Little ‘Bits

by minton on July 20, 2021

Growing up, one of my friends was the son of a mortician. He’s now the leader of The Ted Vaughn Blues Band. We were trumpet buddies in the band, and made jokes about everything, including his Dad’s ghoulish profession.

Years later, I was sitting in on an Honors Math and Art class listening to film maker Vanessa Gould discuss her documentary on the world of origami (Between the Folds) and her more recent documentary on The New York Times obituary writers (Obit). The subject of obituary writers struck me as ghoulish and probably boring, but Ms. Gould was wonderful in class and so I dutifully watched Obit … and loved it!

The writers who were profiled, a couple of whom were fairly eccentric, had the challenging task of hastily throwing together online research and phone interviews to produce a faithful and interesting summary of a person’s life work. In the process, they invariably developed an admiration for and even love for their subjects. Although I had never thought of my own work as obituary-related, this is exactly what I had been trying to do with pieces for the department newsletter and blog.

A November 2014 blog article on Al Bayse illustrates the pleasure in writing such articles. I knew nothing about Bayse other than a rumor that one of our graduates had become an assistant director of the FBI. I got some information courtesy of College Archivist Linda Miller, and then stumbled onto several online (recently declassified) descriptions of Bayse’s work and personality. It all fit together into a cohesive picture of a highly successful and likable man. The published article prompted comments from relatives and co-workers that further cemented our “friendship” and capped a great experience.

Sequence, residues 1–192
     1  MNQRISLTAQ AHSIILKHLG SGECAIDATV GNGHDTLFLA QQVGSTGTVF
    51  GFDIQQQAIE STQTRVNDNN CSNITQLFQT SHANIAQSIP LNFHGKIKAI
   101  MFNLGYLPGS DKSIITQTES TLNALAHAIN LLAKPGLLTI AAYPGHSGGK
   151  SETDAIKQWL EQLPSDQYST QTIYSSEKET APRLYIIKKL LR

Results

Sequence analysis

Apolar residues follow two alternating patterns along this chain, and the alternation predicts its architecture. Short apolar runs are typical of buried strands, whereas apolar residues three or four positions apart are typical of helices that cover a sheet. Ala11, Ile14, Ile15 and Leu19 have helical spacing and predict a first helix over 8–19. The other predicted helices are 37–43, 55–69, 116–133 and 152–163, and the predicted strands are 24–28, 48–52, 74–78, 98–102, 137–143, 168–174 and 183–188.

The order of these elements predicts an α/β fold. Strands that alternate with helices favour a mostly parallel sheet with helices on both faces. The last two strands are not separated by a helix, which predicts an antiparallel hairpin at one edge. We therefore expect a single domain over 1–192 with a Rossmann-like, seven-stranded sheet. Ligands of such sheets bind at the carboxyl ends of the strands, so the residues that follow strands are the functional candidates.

Much to my surprise, it turns out that I enjoy writing obituaries, intimate reflections on life that try to do honor to a friend. However, I much prefer doing such pieces on the living (e.g., graduating seniors)! Check out Vanessa Gould’s documentary Obit and the podcast Mobituaries for interesting takes on the obituary. The book Obit by Jim Sheeler has several wonderful little life stories. Here’s a short list of my pieces on the deceased and living.
Al Bayse; Bob Hudson; Emery Wade; Bill Brubaker; Dick Minnix; Jane Ingram; Jeff Spielman; Bill Ergle;
Eric Lee; Megan Wheeler; Agnes Handal; David Moreau; Emma Blair